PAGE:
The What Van? Road Test: Mercedes-Benz Sprinter (2019)

Date: Wednesday, October 30, 2019   |   Author: Steve Banner


Sprinter Eng_

Engine and gearbox

Maximum power kicks in at 3,800rpm while top torque of 360Nm bites across a 1,400-2,400rpm plateau.

AdBlue held in a 22-litre reservoir ensures that the four-cylinder 16-valve turbocharged and intercooled common-rail engine meets Euro6 emission requirements.


Speed-sensitive electric power steering is standard and delivers a 15.2m turning circle between kerbs rising to 16.1m between walls.

Independent suspension is installed at the front while parabolic springs help to support the rear. Our Sprinter’s 16in steel wheels were shod with Continental VanContact 200 235/65/R16C tyres.

The optional electric handbrake release – you flick a switch on the dash – works fine once you get used to it.

Lightly laden, and with 163hp on tap, our Sprinter accelerated strongly away from rest and continues to deliver power seamlessly all the way up the rev band. We were impressed by the engine’s flexibility, which meant we rarely had to change gear – just as well because the gear-change lacks crispness.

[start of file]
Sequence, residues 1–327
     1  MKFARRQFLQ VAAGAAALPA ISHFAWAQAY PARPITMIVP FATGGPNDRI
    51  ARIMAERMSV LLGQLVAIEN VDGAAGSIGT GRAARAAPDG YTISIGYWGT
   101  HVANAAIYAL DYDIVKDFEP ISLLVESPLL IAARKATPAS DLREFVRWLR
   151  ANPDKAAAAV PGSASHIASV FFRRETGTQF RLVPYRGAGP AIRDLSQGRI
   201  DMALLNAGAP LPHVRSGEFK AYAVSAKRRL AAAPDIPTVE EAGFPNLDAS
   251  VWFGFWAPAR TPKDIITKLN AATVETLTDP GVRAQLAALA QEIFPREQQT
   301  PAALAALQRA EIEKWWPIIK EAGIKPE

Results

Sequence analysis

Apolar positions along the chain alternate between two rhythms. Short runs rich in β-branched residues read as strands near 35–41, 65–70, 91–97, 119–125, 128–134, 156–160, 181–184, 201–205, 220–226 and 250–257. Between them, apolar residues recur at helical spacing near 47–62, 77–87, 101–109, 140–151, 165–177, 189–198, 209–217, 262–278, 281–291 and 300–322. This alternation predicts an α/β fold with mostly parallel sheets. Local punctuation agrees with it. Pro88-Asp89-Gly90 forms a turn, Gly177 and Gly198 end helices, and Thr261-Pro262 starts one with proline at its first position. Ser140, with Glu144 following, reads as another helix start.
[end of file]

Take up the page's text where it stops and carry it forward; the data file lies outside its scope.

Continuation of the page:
While wind and road noise could stand to be better controlled, any noise from the engine is muted, and rarely makes its presence felt in the cab. Smooth and dependable, the handling allows you to sweep majestically through bends without having to worry that something will go wrong.

Accompanied by a good deal of bouncing around, the Sprinter’s ride isn’t its strong suit if you only have a few kilos in the back.

However, the vehicle seems to be frugal. We were getting around 36mpg – not far short of the official combined figure. Stop/start was fitted, which helped keep fuel usage down.

Active brake assist cut in twice during our test: once when a car swung in front of us, but once when it appeared to confuse street furniture positioned close to the kerb with a vehicle.

It is a phenomenon we have noticed before with this type of system and although it is annoying, it’s one that a driver can probably learn to live with – just so long as it doesn’t happen every five minutes.


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